No one doubts that the cantilever chair (freischwinger, which in German means free swing), based on the principle of the projecting beam and characterized by its elasticity, is a universal design. However, its paternity is problematic. Is it a Marcel Breuer design inspired by a Mart Stam idea or the other way around? What were the contacts between both designers? At what moment did their experiments intersect?
The Dutch architect Mart Stam in 1926 had designed a chair without hind legs, constructed of 10 straight sections of gas pipe, reinforced with elbows. As the frame collapsed when sitting down, he had to add a crossbar between the two legs. The chair was not elastic at all, but this did not matter to Stam because what he was chasing was the design of a minimal and essential object that was a kind of manifesto in accordance with the ideals of modern architecture.
For his part, the teacher of the Bauhaus, the young Marcel Breuer, was, in 1926, designing tube furniture for the new school building in Dessau. One of his concerns was to find a resistant steel tube with a return capacity that would give elasticity to a two-legged chair.
Breuer and Stam converged on the train that went from Frankfurt to Stuttgart on an imprecise date between 1926 and 1927. Breuer told Stam that he had started a small production of two-legged chairs but his problem was finding the suitable type of tube for them to be elastic. For him that was very important. Breuer considered himself to be working for humanity and naively told him his secrets. Upon arriving at home, Stam drew Breuer’s chair and arranged to have it produced with filled tube, which gave it robustness but not elasticity. Then he began to take legal protection measures.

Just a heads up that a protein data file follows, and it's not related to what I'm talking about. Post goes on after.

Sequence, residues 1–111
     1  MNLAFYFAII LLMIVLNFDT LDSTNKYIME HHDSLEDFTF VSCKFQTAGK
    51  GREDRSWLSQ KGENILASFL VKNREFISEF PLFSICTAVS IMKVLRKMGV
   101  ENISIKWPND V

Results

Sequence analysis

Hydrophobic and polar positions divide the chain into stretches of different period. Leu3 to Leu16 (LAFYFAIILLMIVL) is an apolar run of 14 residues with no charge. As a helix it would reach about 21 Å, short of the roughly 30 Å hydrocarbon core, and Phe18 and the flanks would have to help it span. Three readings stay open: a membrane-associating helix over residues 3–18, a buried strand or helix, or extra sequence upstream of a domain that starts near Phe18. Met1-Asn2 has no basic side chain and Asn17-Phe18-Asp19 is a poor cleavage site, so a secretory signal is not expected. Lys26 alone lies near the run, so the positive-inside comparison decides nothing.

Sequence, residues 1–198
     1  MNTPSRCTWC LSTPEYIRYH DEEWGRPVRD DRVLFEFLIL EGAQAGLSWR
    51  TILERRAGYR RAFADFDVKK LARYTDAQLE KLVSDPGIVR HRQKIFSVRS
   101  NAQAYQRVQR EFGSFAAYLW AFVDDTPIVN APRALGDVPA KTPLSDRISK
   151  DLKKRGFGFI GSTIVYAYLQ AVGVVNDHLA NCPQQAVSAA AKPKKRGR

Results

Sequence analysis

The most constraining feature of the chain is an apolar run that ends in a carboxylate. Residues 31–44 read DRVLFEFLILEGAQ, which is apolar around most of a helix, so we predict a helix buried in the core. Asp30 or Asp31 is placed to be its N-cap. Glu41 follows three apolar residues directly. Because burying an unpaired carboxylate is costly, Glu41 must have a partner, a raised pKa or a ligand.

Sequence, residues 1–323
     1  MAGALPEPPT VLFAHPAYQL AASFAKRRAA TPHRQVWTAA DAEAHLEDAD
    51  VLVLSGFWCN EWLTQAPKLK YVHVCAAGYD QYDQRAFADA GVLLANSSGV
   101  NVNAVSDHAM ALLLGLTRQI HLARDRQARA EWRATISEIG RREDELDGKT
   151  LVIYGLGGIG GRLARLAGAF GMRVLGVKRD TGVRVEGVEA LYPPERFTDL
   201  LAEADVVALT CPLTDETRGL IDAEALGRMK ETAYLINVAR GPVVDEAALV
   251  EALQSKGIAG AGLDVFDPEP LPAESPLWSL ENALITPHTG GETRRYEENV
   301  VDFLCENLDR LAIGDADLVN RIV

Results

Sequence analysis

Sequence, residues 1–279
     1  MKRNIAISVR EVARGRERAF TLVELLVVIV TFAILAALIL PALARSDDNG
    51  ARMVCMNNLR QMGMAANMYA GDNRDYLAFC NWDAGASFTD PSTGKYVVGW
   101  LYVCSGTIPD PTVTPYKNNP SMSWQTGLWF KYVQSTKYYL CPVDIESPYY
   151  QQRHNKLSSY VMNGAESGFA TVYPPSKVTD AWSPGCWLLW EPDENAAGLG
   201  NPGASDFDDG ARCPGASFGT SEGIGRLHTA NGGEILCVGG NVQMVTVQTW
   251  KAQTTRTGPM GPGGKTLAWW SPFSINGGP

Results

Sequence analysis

The result was that, in 1929, the companies that produced models of Breuer and Stam were embroiled in a bitter legal battle for the exploitation rights of the freischwinger chairs. The businessman Anton Lorenz, who had won a contract signed by Stam, defended the originality of the idea while Thonet, who had recently acquired the company in which Breuer Standard-Möbel was invested, argued that its improvement was technical and that his chair was really elastic, an industrial product and not a workshop experiment. In the end Lorenz managed to retain the Breuer’s rights and ceded the exploitation to Thonet but he could not stop the proliferation of copies due to the international success of the model that would eventually become a universal archetype.